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As everyday life across America is turned upside down from the coronavirus crisis, and massive business closures are plunging the economy into a free fall, one of the former New York Times reporters is expressing concern about what he considers erroneous models dictating an aggressive strategy.

Alex Berenson has been analyzing the crisis data for several weeks and concluded that the strategy of shutting down entire sectors of the economy is based on modeling that doesn’t line up with the realities of the virus., FoxNews reported.

Berenson is a former reporter who worked for the Times from 1999 to 2010 primarily covering the pharmaceutical industry. He has recently gained fame again with a book, “Tell Your Children The Truth About Marijuana, Mental Illness, and Violence.”

Berenson does not deny the existence of a coronavirus and does not advocate a conspiracy theory about plans to limit freedom. Instead, he argues that the models used in response to the crisis were incorrect, and it becomes clearer by the day.

"In February I was worried about the virus. By mid-March I was more scared about the economy. But now I’m starting to get genuinely nervous," he tweeted this week. "This isn’t complicated. The models don’t work. The hospitals are empty. WHY ARE WE STILL TALKING ABOUT INDEFINITE LOCKDOWNS?"

Hospitals, of course, are not empty in places like hit New York, and rumors are circulating about overworked doctors and emergency rooms, Berenson said.

Fears that the virus is significantly more contagious and deadly than any ordinary flu strain are the driving force behind the current government approach both in America and globally.

Symptoms vary widely: some patients reporting only minor discomfort yet others dealing with crushing physical pain and struggling to breathe, forced to go on ventilators.

But Berenson looks wider. He initially challenged the model put forward by Imperial College in London. This model is used to advise the US government on its strategy for the virus.

“That was March 22 or 23, and ever since then I’ve been paying incredibly close attention to the modeling and trying to figure out whether it lines up with what we’re seeing in reality -- and the answer is it hasn’t lined up at all," he said.

Recently he has been focusing on discrepancies within the University of Washington’s Institute for Health Metrics and Evaluation (IHME) model. This model was re-examined as it revised its indicators several times. It once predicted more than 90,000 deaths by August but recently issued a new estimate that has the figure closer to 60,000. Officials say it is a model that's moving with what the country is doing.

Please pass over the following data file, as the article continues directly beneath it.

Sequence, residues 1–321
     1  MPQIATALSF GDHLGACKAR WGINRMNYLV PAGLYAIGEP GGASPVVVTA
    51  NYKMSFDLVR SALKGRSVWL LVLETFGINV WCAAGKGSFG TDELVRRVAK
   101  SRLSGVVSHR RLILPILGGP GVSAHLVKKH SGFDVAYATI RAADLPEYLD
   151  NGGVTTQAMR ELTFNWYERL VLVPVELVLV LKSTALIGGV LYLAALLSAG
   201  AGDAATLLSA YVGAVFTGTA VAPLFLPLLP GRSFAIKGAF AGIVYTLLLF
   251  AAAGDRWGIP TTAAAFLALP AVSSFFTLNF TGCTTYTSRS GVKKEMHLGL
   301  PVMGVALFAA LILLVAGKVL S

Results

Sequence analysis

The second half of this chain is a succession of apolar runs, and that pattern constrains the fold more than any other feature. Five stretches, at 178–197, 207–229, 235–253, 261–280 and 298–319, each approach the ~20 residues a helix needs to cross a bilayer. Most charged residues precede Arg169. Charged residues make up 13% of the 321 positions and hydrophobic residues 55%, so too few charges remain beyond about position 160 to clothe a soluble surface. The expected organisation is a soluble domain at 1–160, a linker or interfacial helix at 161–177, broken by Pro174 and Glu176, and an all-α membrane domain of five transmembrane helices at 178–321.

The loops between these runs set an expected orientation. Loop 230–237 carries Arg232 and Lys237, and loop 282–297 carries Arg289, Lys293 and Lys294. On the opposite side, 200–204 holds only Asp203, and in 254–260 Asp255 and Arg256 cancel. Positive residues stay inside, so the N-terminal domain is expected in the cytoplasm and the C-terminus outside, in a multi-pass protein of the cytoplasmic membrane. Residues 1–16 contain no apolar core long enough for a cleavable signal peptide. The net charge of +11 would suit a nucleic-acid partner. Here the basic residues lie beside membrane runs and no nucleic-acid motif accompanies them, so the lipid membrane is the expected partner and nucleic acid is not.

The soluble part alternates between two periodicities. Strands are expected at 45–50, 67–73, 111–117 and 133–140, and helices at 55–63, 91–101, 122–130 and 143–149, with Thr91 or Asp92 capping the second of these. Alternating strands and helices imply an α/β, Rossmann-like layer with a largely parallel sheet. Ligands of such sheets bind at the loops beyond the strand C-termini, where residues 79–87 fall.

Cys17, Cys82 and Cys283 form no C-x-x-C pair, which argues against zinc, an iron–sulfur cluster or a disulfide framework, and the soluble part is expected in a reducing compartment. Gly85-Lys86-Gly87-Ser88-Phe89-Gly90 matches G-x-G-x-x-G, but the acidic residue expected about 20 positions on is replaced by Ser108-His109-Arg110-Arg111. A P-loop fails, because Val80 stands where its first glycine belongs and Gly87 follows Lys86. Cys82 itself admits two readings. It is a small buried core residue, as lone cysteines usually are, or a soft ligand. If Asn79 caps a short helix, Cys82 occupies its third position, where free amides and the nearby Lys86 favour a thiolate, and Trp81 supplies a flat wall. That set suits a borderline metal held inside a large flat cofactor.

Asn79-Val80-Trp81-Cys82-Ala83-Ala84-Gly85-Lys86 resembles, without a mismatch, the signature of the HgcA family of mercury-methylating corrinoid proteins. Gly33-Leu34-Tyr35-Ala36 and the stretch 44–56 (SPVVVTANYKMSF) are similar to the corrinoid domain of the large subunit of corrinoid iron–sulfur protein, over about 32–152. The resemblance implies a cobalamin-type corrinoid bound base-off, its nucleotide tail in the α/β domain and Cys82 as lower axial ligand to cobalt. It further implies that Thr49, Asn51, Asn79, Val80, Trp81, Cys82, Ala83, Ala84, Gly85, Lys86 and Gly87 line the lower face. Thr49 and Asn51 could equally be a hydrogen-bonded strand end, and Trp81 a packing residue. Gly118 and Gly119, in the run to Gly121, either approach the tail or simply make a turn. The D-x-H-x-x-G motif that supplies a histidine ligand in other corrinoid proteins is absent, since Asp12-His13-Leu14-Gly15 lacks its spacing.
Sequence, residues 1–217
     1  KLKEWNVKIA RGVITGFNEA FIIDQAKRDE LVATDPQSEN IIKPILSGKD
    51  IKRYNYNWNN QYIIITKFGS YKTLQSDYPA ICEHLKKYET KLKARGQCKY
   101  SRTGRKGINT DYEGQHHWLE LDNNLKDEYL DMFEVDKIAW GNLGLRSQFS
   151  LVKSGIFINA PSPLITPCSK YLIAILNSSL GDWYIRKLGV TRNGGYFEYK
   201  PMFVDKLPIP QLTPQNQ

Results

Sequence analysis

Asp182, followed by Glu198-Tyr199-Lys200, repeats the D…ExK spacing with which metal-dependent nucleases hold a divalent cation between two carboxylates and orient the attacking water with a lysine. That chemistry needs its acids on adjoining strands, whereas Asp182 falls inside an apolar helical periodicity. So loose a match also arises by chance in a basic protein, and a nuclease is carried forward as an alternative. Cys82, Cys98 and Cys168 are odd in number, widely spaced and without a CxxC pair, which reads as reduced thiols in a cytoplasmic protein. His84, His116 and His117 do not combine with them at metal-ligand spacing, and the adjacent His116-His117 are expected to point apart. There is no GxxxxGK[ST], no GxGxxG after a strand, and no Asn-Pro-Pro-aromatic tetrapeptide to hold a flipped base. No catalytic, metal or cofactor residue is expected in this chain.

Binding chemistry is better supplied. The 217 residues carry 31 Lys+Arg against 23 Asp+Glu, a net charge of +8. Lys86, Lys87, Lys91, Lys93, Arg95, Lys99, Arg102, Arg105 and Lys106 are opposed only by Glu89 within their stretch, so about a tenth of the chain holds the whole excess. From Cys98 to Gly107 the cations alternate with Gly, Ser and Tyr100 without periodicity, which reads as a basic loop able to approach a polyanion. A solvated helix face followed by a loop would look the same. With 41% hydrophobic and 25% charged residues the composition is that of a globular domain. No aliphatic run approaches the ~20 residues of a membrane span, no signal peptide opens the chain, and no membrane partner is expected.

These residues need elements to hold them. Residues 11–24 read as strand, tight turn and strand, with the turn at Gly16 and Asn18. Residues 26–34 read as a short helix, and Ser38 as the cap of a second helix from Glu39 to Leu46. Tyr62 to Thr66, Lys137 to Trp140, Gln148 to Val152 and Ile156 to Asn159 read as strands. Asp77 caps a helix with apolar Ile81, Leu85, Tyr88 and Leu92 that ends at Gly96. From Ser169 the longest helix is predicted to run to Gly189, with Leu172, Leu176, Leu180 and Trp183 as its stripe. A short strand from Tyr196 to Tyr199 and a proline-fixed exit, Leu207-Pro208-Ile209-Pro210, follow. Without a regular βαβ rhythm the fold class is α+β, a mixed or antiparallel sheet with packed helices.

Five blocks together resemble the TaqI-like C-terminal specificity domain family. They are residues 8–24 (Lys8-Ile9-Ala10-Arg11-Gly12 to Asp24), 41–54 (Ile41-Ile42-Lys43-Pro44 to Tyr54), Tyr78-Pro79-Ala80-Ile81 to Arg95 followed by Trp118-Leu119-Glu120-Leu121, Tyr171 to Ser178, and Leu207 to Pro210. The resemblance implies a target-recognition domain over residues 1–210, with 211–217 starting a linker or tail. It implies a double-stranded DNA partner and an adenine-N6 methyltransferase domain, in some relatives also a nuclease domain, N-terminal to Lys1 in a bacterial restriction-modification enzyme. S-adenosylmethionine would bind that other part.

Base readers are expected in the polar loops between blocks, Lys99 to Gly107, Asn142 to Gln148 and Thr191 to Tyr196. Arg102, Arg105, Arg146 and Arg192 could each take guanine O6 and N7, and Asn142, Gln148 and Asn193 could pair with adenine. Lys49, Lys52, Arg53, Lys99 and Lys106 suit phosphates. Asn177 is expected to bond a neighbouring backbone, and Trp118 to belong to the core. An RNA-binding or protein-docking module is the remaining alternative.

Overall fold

"We believe that our health care delivery system in the United States is quite extraordinary," Dr. Deborah Birx said at a White House press briefing on Wednesday. "I know many of you are watching the Act Now model and the IHME model— and they have consistently decreased the number, the mortality from over almost 90,000 or 86,000, down to 81,000 and now down to 61,000. That is modeled on what America is doing. That’s what’s happening."

Dr. Anthony Fauci said the indicators show that social distancing efforts are working.

But Berenson argues that social distancing and other measures are already included in these models. As for further evidence, he says that outside of places like New York, there was no predicted health crisis.

“Aside from New York, nationally there’s been no health system crisis. In fact, to be truly correct there has been a health system crisis, but the crisis is that the hospitals are empty,” he said. “This is true in Florida where the lockdown was late, this is true in southern California where the lockdown was early, it's true in Oklahoma where there is no statewide lockdown. There doesn't seem to be any correlation between the lockdown and whether or not the epidemic has spread wide and fast.”

He has also claimed that the decrease in the number of cases observed in different states occurred before quarantine had an effect - since it took several weeks to take social distance measures because of the interval between infection and the onset of symptoms.

Berenson blames the model for a response that effectively closed large sectors of the economy and caused significant financial damage to the Americans. On Thursday, it was announced that the number of Americans seeking unemployment benefits rose to 6.6 million.

Berenson says a more balanced and focused approach would be the right answer in the initial days of the crisis. “There was incredible pressure to do something ... so these lockdowns all cascaded, every governor tried to outdo the next. And no one stopped and said ‘OK what about Japan, they don't seem to have a terrible epidemic, they wear masks, maybe we should wear masks,” he said.

According to him, measures such as protecting people especially at risk, banning large gatherings such as concerts and sports events would be appropriate. But now he fears that it may be too late for officials to say they overreacted.

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